TIMBUKTU, Mali – The first sign of change came as our convoy of food aid and medicine pulled up to the last northern town held by the Malian army. The atmosphere was tense as the heavily armed troops searched our car and baggage. Even my toothbrush was apparently suspect.
"We're looking for weapons," a soldier snapped.
"But there's only food here," one of the convoy leaders replied lightheartedly. Normally a joke like that would break the tension in Mali, but the soldier just continued his search, stony faced.
The reinforced roadblock was erected in a neighborhood on the outskirts of Mopti, 400 miles (600 kilometers) and a daylong drive from the Malian capital of Bamako. To the north lies my hometown, the fabled city of Timbuktu, now in the hands of two armed rebel groups.
Two months ago Tuareg rebels declared an independent state in the north amid a power vacuum created by the March 21 coup that ousted Mali's longtime leader. The Malian army was forced from the north as the Tuareg fighters descended on Timbuktu.
The first group was secular and claimed to be fighting for an independent homeland for the Tuaregs, a nomadic Muslim people who live in four nations in the region. They were quickly superseded by a group of Islamist fighters known as Ansar Dine, or Defenders of Islam, whose goal is to impose Shariah law in the area they now call the Azawad nation.
The Malian soldiers were especially suspicious of me. Unlike the black African inhabitants of southern Mali — whose members dominate the army — I am light-skinned. I look Tuareg, even though I am from one of the Arab tribes that long ago settled in Timbuktu. That makes me suspect, since I look like the fighters that took over the north.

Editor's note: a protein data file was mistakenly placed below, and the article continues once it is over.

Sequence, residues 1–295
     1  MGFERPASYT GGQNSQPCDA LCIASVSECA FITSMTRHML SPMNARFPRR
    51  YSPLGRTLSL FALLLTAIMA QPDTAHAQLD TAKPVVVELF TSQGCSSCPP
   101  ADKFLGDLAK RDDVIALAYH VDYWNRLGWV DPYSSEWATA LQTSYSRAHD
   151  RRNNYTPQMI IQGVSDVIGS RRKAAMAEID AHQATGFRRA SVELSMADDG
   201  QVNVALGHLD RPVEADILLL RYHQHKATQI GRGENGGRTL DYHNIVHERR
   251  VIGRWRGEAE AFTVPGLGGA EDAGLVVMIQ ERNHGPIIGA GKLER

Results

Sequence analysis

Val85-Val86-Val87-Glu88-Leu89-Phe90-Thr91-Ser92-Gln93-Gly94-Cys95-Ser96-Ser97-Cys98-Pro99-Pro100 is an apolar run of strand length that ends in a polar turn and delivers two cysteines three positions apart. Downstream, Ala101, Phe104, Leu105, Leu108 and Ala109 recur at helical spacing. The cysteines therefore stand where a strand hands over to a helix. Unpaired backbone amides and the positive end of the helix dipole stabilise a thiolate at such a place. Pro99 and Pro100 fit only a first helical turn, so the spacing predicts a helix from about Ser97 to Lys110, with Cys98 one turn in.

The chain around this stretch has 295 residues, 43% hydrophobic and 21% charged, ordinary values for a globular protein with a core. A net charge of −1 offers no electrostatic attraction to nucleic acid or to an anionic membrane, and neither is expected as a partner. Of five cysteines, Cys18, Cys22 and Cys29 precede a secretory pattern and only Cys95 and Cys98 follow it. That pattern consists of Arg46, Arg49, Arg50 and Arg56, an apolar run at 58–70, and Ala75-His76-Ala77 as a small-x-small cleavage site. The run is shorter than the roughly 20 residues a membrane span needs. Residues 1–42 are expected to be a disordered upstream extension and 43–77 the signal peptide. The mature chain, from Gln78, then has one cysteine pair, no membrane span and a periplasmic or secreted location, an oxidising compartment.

I was faced with aggressive and suspicious looks. When I tried to go out for a walk, a colleague quickly stopped me and told me I was better off staying inside until the convoy was moving again.
When dawn came, we headed toward the rebel-controlled zone.
We got our first glimpse of the men who now run northern Mali when two pickup trucks flashed their headlights at us through the morning mist. These were the Islamic fighters of Ansar Dine who were to be our escorts to Timbuktu.
There were around a dozen of them, dressed in sand-colored uniforms with turbans on their heads. Each had a Kalashnikov. One of the trucks had a heavy machine gun mounted on the back.
Despite their fearsome appearance, the men were polite. Later, when some of the cars in the convoy got stuck in sand they helped dig them out.
We headed north and came to the first checkpoint — manned by the Tuareg rebels, the National Movement for the Liberation of the Azawad. It felt like we were entering another country.
When I was growing up in Timbuktu in the 1990s, the region was for the most part peaceful and open to the outside world. Tourists would picnic under the stars on the sand dunes around the city and visit libraries of ancient manuscripts — a reminder that Timbuktu was a center of Islamic learning as far back as the 12th century.
Things have changed.
As we approached the city, I was expecting to see the usual crowd of women and children scrambling to meet passing cars to try to sell the goods they produce, like butter, milk and charcoal.
This time no one was there. Hundreds of thousands of people have fled northern Mali in the last few months.
We arrived in Timbuktu at around 10 p.m. and I went straight to my neighborhood. Usually at this time of night, streetlights would be on and the sounds of TV and radio would be heard from streetside stalls, where people gather to watch a film or the latest soap opera.
But there were no lights, the TV signal had been cut and the only radio station still on the air did not have night broadcasts. The area was silent and totally dark.